Objective Faith?

I have been slow reading (more about that later) the opening couple of chapters (Habit and Task of Theology) of Aidan Nichols’ majestic work The Shape of Catholic Theology.

In the opening chapter Nichols examines the relationship between the fides quae (objective) and fides qua (subjective). He points out that the theologian is one who strikes a balance between the two: the theologian neither over-emphasizes nor under-values either. (Of course, the same could be said about any person who is in a relationship with God!) The theologian is one who is able to enter into God’s mystery in an intimate way and so communicate that inwardness of divine revelation to others(17).

It made me think: can we really ever have a fides quae without some form of magisterium?? The doctrine of justification by faith alone assumes the right object of my personal faith. My faith that a particular sporting team will eventually have a successful season has no immediate impact on my relationship with God however hard felt that faith might be. It is the object, in the above example, that is invalid. Yet who decides that the object is correct? Does not the very nature of an object require an external verification?

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Adjectival theology No 325532

You all know I have a thing about adjectives that are used in general theological discussion. Today I stumbled upon the following from the United Episcopal Church of North America:

Biblically Sound, Sacramentally Orthodox, Apostolically Valid

I’ll admit that my brain has been on holidays but I have no clue what the above means. But I am completely bamboozled by the last one: Apostolically Valid. Is there another form of validity?? Someone care to explain??

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Do computers make us smarter??

Having spent last night at a Parent Information Session on the Laptop Program(me) that had a constant refrain – Computers make us want to learn more and make your kids smarter – I wonder if computers actually have made us smarter?!?!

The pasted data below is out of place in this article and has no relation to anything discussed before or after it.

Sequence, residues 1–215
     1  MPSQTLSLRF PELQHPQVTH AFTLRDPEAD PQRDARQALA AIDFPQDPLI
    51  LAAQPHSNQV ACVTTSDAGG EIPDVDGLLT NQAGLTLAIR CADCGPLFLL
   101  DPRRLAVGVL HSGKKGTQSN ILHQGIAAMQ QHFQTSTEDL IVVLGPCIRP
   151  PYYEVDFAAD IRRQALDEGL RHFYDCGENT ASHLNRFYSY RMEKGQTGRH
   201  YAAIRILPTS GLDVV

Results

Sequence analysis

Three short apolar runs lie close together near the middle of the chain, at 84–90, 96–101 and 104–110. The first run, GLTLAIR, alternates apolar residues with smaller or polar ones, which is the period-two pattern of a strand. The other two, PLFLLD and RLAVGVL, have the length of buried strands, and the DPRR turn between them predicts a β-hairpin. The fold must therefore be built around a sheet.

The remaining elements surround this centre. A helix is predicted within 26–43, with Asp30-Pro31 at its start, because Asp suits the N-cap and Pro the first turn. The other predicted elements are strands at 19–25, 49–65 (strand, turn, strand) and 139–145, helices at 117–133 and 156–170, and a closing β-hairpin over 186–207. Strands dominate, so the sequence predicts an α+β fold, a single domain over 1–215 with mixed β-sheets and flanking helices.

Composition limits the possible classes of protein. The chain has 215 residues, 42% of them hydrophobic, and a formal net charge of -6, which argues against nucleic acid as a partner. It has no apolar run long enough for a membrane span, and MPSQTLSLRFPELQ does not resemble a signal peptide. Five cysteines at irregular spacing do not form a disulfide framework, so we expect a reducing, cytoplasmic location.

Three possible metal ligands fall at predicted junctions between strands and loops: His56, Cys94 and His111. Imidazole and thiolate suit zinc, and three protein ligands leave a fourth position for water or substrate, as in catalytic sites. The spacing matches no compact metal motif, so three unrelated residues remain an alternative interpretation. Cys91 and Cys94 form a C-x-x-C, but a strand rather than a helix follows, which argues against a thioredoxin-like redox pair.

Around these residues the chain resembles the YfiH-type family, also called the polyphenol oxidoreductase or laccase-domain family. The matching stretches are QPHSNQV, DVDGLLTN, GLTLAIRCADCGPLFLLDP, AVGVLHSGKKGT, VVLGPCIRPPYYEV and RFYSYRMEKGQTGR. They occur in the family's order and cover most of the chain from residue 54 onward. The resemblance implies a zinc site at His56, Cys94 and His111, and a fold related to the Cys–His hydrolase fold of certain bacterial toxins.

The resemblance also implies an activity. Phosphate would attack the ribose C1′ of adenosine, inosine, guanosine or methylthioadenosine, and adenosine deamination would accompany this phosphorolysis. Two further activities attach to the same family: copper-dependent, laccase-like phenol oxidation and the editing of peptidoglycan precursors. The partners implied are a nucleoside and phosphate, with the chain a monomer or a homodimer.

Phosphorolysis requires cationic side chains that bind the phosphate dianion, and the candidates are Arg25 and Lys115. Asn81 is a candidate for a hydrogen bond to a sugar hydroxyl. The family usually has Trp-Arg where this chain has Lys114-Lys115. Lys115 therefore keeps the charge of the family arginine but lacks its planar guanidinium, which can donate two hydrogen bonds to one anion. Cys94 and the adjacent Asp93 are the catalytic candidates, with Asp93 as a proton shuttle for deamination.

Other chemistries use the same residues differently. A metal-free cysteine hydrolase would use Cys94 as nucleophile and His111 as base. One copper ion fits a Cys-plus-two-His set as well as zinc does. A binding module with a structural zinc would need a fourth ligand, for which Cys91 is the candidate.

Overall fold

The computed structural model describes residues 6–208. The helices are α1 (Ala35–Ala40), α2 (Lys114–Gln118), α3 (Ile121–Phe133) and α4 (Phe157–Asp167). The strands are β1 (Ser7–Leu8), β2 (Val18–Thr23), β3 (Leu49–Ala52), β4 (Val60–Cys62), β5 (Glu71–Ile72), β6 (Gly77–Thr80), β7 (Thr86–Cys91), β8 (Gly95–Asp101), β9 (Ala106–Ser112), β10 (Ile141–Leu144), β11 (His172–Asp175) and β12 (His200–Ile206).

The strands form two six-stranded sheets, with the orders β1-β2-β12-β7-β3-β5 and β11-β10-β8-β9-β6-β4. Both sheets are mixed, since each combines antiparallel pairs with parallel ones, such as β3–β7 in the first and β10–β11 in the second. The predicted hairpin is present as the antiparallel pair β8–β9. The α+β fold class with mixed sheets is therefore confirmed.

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Is repetition wrong??

Scene 1: Lutheran Baptism
We went to a Lutheran baptism this Sunday. (We went to the Vigil Mass on Saturday, in case you were wondering.) The service was very nice, especially the music. The sermon was (surprisingly) good. Alas, a little disembodied: is it really the Gospel of Jesus that challenges us or Jesus himself??

The liturgy was classical Western in shape and was done within the established rite of the Lutheran Church of Australia. The Baptismal Rite replaced the Penitential Rite at the start of the service – that is, it followed the Sign of the Cross – and included the Creed and the Lord’s Prayer. These two were then omitted in the service – that is, there was no Creed after the Sermon, nor was the Lord’s Prayer said during the Eucharistic Liturgy.

Scene 2: Perpetual Rosary
Our parish had a Perpetual Rosary on the Feast of Our Lady of the Rosary. For three hours before Mass, parishioners gathered before the Blessed Sacrament to pray for the defeat of the Abortion Law Reform Bill.

I admit that I have not spent that amount of time on my knees for many years. Our kids joined us for the last hour. The oldest three kneeled for the whole hour to say the Rosary. (No 2 is especially effected by it all!) I have not been that effected by a devotion for a while. (The last time was when I was exposed to the Divine Mercy Chaplet.) After it was all over I wanted it to start again.

The two could not be further apart. I admit that the first created a emotional response more to do with our particular past rather than any theological problems. But it did make me wonder: is repetition fundamentally wrong?? Our kids seems to enjoy and flourish in a daily routine that is largely based on repetition – they have the same breakfast, we say our prayers together in the evening, etc. No 4 is especially attached to routine and repetition.